Bruce Channel (b. Bruce McMeans, 28 November 1940, Jacksonville, Tx.) is an American singer-songwriter best known for his 1962 million-selling number-one hit record, Hey! Baby.
Channel performed originally for the radio program Louisiana Hayride and then joined with the harmonica player Delbert McClinton, singing country music.
Channel wrote Hey! Baby with Margaret Cobb in 1959. The song went to number one in the US in March 1962 and held that position for three weeks. Channel had four more singles on the Billboard Hot 100, including Number One Man (which peaked at number 52), Come On Baby (number 98), Going Back to Louisiana (number 89), and Mr. Bus Driver (number 90), but none of them was as successful as Hey! Baby, and he is considered a one-hit wonder.
Channel toured Europe and was assisted at one gig by the Beatles, who were then little known.
The main appeal of Hey! Baby is probably the sustained first note, with a rhythmic pattern in the background. This device was used in 1962 for the successful song Sherry (1962) by the Four Seasons and again on the Beatles' I Should Have Known Better (on the album A Hard Day's Night), in 1964.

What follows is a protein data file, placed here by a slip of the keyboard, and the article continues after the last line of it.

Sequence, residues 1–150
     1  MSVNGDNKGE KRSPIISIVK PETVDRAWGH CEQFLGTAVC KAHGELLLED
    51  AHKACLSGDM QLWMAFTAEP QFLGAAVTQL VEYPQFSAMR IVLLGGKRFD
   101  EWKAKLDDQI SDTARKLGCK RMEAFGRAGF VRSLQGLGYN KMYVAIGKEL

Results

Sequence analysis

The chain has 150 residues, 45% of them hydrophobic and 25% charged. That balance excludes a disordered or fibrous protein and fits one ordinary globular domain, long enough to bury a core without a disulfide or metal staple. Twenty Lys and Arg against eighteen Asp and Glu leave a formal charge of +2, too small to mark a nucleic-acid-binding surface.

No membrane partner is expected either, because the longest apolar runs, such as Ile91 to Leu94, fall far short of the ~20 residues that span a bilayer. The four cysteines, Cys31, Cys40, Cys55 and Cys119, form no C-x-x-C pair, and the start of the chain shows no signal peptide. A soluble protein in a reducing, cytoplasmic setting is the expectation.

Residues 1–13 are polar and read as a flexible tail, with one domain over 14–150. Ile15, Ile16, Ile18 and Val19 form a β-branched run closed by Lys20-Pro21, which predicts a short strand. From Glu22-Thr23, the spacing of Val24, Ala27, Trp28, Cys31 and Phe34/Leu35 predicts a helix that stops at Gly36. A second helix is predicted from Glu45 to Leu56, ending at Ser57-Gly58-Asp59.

In 1995, Channel recorded his cover of the song Stand Up for the Memphis-based record label Ice House. Delbert McClinton reprised his harmonica role on it and several other tracks, including another version of Hey! Baby. Channel then recorded a project in 2002 with the singer-songwriter Larry Henley (ex-Newbeats), billed as Original Copy.
Channel was inducted into the Rockabilly Hall of Fame. In 2001, he became popular again when DJ Ötzi remixed and produced his own version of his classic hit Hey! Baby and went to number one around the world.
Works for Winds
- Hey! Baby (Flex instrumentation) (arr. Thorp) (1961/)
All Wind Works
- Bruce Channel, Wikipedia Accessed 8 July 2020
- Heritage Encyclopedia of Band Music. "Bruce Channel." Accessed 8 July 2020